In the market, there are many brands which sell basmati rice. Some sell authentic basmati rice, but many sell duplicate basmati rice. In fact many shop keepers lure their customers giving duplicate basmati rice at relatively cheaper prices by saying it is as good as the original basmati rice. But this is a very dangerous marketing strategy by some greedy shop keepers, and people should be aware of such false claims.
In order to aware people of the potential risk of eating duplicate basmati rice, this blog covers some points explaining the said issue in brief.
Price Difference: Duplicate basmati rice seems cheap in price but if you think for a minute, u will find it expensive because they are selling normal rice grains at higher prices in the name of basmati rice. Whereas original basmati rice is value for the money as its price justifies its originality.
Nutritional Value: Duplicate basmati rice has lower levels of nutritional value hence not advisable to eat as it gives very less nutrition to your daily requirements of body. Whereas original basmati rice is advisable to be consumed on a daily basis, as it is highly nutritious especially for growing children.
Aroma: Original basmati rice gives highly pleasing aroma on cooking the dishes. But duplicate basmati rice does not give any distinctive aroma on cooking.
Since I got married to Rahul, my friends used to tease me saying, my relationship with my husband is a “Pricey Affair”. It sounds funny but it is true. Not because I gave truckloads of dowry for the marriage or I had to spent a big amount during my marriage but because Rahul is a financial professional, a bank manager. So naturally his vocabulary consists most of the terms which are linked to finance and accounts, and I being commerce graduate hence a “Pricey Affair”.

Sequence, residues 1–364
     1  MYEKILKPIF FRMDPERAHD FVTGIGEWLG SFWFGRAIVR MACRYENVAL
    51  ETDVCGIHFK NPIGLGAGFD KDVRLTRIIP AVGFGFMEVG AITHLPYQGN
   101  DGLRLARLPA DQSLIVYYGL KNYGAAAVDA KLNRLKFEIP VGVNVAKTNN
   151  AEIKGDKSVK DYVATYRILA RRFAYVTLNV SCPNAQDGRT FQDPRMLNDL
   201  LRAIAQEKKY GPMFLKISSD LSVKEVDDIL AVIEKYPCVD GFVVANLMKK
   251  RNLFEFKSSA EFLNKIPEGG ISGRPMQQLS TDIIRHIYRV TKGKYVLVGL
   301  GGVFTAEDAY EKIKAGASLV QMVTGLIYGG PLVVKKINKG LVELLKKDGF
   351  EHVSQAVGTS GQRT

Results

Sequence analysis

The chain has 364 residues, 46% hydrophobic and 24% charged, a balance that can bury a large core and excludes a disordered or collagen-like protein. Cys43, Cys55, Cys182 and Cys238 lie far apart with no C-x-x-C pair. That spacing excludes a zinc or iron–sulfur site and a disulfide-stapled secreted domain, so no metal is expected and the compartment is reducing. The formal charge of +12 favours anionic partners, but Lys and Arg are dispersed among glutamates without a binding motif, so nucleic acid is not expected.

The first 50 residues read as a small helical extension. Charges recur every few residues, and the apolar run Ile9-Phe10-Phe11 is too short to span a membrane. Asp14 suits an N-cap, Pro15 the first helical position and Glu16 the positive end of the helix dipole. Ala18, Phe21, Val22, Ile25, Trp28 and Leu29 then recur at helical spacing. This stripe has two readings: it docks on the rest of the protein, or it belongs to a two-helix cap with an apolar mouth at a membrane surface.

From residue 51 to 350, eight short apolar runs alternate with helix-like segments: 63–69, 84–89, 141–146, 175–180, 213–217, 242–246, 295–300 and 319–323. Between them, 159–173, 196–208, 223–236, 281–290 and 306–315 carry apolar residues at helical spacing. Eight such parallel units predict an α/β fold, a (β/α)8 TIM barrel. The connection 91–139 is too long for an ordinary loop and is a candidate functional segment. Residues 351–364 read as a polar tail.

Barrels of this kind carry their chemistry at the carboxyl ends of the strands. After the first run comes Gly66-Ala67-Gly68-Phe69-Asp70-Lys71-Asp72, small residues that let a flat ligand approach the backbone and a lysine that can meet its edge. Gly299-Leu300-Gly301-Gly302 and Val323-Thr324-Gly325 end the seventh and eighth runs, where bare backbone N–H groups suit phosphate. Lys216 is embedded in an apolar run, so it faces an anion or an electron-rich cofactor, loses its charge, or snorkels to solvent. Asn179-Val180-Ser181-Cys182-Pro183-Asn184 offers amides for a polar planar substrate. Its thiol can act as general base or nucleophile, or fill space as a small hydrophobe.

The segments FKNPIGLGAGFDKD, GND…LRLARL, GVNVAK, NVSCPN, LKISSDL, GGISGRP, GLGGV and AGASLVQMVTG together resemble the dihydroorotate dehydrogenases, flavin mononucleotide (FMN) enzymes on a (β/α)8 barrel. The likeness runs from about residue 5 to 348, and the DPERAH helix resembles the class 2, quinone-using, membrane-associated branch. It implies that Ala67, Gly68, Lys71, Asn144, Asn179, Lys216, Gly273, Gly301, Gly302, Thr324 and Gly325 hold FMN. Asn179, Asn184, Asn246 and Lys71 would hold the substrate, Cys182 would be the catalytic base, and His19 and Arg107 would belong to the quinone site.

Though I have never faced any major problem in our marriage but certainly one month in a year really gives me jitters. March, the most dreaded month for the financial professionals, when they have to calculate, streamline and submit a year’s financial figures and on top of filing income tax papers of the office are certainly a daunting task.
And naturally after returning from the office, Rahul never used to keep a good mood and patient during this month. But this year there is a different story as I have found a trump card. That’s Raindrops Basmati Rice. Now using the finest of the basmati rice, I have started making such nice recipes that not only tastes good but also fills the house with an amazing aroma. The moment he comes back from the office, he just forgets the work related tensions and look forwarded to having dinner. Naturally, after a good dinner he becomes as sweet as he is during other months. And the funniest thing because of this is, again we have been referred to as a couple with “Pricey Affair”, but this time not because of his profession but because of our sweet relationship, even in the most feared month of the year, which is certainly priceless.
Thank You Raindrops Basmati Rice!
Posted in Exploring Rice, Uncategorized
Tags: aroma, basmati rice, dinner, End of Financial Year, finance professionals, March, marriage, married life, office, Quarter Ending, raindrops basmati rice, Tension, Work Load, Work Pressure